Sleep was chased from their eye-lids by the groans of the wounded, and their cries for water. No wonder if a heavy feeling of despondency crept over the ranks when they recollected that all their forces had been engaged that day, that their ammunition was nearly exhausted, and that the enemy had a second army marching upon them. What was to be done? Some one said that it was better to cut their way to Ferozepore, in order to gain the shelter of their entrenched camp; but Sir Hugh Gough would not hear of it. " The thing is impossible, " he exclaimed. "My mind is made up; if we must perish, it is better that our bones should bleach honourably at Ferozeshah, than rot at Ferozepore; but they shall do neither the one nor the other." And Sir H. Hardinge said - "The Commander-in-Chief knows as well as anybody that it will not do for a British army to be foiled; and foiled this army shall not be. We must fight it out as soon as there is light to see the enemy." Yet he was so doubtful of the issue that he ordered all his private papers to be burned, and sent Mr. Hardinge, his private secretary, out of camp. The two generals then conferred confidentially together. Gough asked, "What think you of our prospects?" "I think," he replied, " that we must live or die where we stand." "That is exactly my opinion," replied the general; "so we understand each other." They shook hands and parted.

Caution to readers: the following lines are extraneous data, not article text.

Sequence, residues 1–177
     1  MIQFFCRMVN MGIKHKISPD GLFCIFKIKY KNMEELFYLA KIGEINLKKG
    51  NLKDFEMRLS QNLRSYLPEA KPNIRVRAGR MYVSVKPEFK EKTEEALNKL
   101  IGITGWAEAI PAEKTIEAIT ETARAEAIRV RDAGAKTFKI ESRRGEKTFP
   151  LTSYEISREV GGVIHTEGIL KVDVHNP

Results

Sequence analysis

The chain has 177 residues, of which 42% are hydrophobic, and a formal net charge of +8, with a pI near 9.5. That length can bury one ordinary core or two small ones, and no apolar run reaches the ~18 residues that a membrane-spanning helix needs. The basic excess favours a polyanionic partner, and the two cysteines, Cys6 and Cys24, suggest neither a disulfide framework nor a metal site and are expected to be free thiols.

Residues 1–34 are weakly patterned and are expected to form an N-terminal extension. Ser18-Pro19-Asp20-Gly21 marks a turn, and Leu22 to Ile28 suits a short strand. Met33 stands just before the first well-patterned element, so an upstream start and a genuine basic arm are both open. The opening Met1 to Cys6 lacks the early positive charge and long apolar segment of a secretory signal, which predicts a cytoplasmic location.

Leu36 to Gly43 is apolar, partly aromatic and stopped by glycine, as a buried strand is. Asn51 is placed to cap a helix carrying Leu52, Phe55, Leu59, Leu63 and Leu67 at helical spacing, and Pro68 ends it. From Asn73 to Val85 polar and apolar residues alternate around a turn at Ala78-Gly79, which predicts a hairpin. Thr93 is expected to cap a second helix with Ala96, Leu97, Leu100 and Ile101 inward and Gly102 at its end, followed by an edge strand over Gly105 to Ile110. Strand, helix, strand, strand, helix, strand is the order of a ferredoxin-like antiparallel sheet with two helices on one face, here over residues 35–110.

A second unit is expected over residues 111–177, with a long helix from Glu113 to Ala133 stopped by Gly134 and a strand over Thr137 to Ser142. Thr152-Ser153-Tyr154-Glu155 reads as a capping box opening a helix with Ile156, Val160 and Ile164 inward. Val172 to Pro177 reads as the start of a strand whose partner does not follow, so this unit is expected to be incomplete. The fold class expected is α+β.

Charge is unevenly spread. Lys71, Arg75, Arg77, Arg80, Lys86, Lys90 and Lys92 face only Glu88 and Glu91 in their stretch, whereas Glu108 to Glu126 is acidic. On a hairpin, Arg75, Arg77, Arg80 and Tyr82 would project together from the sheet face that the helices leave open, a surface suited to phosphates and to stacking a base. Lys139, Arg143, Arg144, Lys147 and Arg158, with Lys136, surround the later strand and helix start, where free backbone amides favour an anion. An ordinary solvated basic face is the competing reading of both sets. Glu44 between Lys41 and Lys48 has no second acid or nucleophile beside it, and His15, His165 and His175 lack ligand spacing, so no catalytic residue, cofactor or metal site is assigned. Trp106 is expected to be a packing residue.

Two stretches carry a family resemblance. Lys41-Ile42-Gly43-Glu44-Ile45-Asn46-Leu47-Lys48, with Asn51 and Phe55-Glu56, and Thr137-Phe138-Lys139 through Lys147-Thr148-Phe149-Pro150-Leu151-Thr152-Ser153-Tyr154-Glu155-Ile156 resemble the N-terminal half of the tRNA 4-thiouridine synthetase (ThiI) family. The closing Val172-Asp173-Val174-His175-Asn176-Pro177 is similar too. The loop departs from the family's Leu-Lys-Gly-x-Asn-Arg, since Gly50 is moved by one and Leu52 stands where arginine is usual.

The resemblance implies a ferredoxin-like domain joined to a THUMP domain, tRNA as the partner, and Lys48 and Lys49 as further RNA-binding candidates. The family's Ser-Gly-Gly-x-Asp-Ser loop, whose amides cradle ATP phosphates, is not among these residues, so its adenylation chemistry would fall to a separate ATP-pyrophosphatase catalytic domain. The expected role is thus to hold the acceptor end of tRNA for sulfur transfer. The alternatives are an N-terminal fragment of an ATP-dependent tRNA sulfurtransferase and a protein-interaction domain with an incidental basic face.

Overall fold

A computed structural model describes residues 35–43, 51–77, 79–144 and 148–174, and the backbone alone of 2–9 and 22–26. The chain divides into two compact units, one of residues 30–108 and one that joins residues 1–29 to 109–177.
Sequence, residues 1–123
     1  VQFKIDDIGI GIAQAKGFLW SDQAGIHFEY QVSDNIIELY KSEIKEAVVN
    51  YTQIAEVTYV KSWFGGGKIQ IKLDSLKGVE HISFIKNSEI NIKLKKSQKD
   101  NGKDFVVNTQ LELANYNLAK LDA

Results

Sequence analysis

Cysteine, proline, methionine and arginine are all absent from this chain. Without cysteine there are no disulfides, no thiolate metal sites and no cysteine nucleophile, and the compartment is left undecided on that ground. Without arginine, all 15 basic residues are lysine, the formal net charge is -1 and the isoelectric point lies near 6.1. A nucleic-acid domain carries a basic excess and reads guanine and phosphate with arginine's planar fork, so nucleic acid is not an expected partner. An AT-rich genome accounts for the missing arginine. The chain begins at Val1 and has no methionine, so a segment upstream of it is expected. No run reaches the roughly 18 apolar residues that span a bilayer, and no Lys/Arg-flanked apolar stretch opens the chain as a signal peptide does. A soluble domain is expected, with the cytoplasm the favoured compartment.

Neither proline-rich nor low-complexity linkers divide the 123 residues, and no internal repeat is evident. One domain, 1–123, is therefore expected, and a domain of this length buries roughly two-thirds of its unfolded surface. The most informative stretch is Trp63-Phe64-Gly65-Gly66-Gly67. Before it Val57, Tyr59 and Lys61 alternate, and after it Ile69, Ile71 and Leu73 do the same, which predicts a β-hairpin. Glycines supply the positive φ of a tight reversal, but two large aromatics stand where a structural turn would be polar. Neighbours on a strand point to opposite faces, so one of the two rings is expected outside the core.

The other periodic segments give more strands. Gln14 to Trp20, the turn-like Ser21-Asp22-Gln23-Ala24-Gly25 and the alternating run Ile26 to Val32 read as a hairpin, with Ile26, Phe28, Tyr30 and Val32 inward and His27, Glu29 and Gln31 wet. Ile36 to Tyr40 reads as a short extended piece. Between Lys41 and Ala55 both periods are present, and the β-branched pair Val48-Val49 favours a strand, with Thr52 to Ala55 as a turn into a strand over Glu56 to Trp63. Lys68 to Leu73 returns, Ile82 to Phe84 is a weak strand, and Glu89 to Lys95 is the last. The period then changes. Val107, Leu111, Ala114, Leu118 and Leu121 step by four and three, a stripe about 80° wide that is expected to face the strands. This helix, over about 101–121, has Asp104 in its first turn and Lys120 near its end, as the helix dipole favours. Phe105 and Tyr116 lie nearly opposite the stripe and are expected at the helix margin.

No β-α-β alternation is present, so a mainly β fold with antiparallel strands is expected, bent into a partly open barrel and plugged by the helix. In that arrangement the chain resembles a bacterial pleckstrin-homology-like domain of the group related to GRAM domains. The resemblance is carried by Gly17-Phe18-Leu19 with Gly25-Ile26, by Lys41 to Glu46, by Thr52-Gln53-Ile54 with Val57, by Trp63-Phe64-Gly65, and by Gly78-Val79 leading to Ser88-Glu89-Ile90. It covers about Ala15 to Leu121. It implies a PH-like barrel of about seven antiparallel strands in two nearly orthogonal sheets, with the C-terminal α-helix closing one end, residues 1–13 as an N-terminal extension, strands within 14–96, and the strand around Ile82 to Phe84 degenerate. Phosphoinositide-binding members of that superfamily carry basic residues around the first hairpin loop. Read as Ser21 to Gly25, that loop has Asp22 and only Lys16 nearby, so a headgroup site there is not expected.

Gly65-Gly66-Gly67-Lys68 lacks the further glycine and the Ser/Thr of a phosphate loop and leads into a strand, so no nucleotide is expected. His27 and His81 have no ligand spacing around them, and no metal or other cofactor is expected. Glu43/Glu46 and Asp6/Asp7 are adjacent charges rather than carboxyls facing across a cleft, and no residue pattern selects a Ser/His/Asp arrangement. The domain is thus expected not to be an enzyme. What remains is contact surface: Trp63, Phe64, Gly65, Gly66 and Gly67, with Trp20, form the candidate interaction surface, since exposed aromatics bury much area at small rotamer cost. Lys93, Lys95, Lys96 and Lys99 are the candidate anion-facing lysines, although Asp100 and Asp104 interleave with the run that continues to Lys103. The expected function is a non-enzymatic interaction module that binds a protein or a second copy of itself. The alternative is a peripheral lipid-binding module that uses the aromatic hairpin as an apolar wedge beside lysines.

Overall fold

The long and weary night was at length passed. The dull sun of a December day rose upon the ghastly scenes of that gory battle-field. The soldiers, many of whom were without food from the morning of the previous day, were again marshalled in order of battle. The artillery commenced the work, but with little effect. "But why waste time and ammunition thus? " said Gough. " We must try the bayonet once more." Then was made a tremendous charge for life. At first, part of the line reeled under the storm from the enemy's guns; but still the whole army pressed on with desperate shouts, the two wings closing in upon the village, driving everything before them, and still pressing onward till they captured the whole of the enemy's guns on the works. The two generals, waving the captured banners, rode in triumph before the victorious army, and were hailed with enthusiastic applause. The whole of the enemy's military stores and camp furniture, with seventy-three guns and seventeen standards, remained in possession of our army. One Sikh army was now defeated; but there was another to come on, 30,000 strong, most of whom were perfectly fresh. The spirit of the Commander-in-Chief seemed now to fail him, and he so despaired of the issue that he confessed in a letter to a friend, that for a moment he felt regret, as each passing shot left him still on horseback. Most of our cavalry were hardly able to move, from the exhaustion of the horses; our ammunition was nearly spent, while the fire from the enemy's guns was rapid. At this critical moment, owing to a misconception of orders, our cavalry and artillery moved off from the flanks, which they protected, taking the road towards Ferozepore. It was a blunder that seemed ordered by Providence to save our army from annihilation; for the Sikhs, not knowing our weakness, and conceiving that the design was to take possession of the fords, and prevent their crossing the river, immediately began to retreat. Our infantry pursued; and such was the consternation and confusion of the enemy, that they never stopped running till they got to the other side of the Sutlej. In these terrible battles we lost, in killed and wounded, 2,415 men being a sixth of the whole number engaged. Among the killed was Major Broadfoot, political agent in the north-west provinces, Colonel Wallace, and Major Somerset.